NASA's Mars rover Perseverance is starting to take the measure of its new Red Planet home.
For the past five weeks, Perseverance has been focused primarily on supporting and documenting the pioneering flights of its little cousin, NASA's 4-lb. (1.8 kilograms) Mars helicopter Ingenuity. But the car-sized rover has been doing science work of its own in the background as well.
For example, Perseverance has extensively photographed its surroundings — the boulder-studded floor of Mars' 28-mile-wide (45 kilometers) Jezero Crater, where the rover and chopper touched down on Feb. 18 — with its high-resolution Mastcam-Z imaging system.
In photos: NASA's Perseverance rover mission to the Red Planet
Perseverance has also studied nearby rocks in greater detail using two other instruments: its rock-zapping SuperCam laser and the WATSON ("Wide Angle Topographic Sensor for Operations and Engineering") camera at the end of its robotic arm.
The mission team is keen to know whether the stones are volcanic or sedimentary in origin. Volcanic rocks can serve as geological clocks, allowing researchers to better understand the history and evolution of Jezero, which hosted a lake and a river delta billions of years ago. And sedimentary rocks, which form through the deposition of dirt and sand over time, have greater potential to preserve signatures of Mars life, if it ever existed at Jezero.
Hunting for biosignatures is one of Perseverance's two core mission tasks, along with collecting and caching several dozen samples of potential astrobiological significance. That pristine Mars material will be hauled to Earth by a joint NASA-European Space Agency campaign, perhaps as early as 2031.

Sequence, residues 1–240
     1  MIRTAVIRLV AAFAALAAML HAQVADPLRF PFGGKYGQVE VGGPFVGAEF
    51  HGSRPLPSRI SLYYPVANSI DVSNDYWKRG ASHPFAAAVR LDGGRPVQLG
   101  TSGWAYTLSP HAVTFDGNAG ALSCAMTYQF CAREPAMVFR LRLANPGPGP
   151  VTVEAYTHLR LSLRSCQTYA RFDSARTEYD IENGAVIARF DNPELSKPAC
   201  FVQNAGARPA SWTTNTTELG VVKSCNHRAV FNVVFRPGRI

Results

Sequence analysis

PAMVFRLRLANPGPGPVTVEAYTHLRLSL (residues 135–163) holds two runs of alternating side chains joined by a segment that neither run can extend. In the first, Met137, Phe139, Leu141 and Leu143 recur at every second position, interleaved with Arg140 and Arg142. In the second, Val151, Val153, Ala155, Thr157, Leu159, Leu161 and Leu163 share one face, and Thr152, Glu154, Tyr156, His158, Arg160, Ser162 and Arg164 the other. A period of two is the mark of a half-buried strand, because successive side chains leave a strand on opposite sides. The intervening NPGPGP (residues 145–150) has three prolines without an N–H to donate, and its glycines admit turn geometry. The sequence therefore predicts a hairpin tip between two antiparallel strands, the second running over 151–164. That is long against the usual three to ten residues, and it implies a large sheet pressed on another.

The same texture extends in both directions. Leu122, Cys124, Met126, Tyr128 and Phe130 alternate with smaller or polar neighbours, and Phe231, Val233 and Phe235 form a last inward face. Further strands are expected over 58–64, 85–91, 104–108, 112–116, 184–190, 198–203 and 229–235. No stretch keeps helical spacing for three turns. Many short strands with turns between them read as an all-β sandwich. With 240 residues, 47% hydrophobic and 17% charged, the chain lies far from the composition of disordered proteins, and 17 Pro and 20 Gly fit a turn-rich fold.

Determining the Jezero rocks' origin may require abrading their surfaces and obtaining compositional information from their interiors using two other instruments on the robotic arm, PIXL ("Planetary Instrument for X-ray Lithochemistry") and SHERLOC ("Scanning for Habitable Environments with Raman & Luminescence for Organics & Chemicals").
"When you look inside a rock, that's where you see the story," Perseverance project scientist Ken Farley, of the California Institute of Technology in Pasadena, said in a statement.
Perseverance is set to ramp up its science work considerably, for its days as a helicopter observer are mostly over. Ingenuity wrapped up its main technology-demonstrating mission last week and is now embarking on an extended mission designed to showcase the scouting potential of Red Planet rotorcraft.
So Ingenuity will continue to fly for a while, on sorties that could help the Perseverance team pick the most efficient routes and identify rock formations that merit up-close inspection.
Mike Wall is the author of "Out There" (Grand Central Publishing, 2018; illustrated by Karl Tate), a book about the search for alien life. Follow him on Twitter @michaeldwall. Follow us on Twitter @Spacedotcom or Facebook.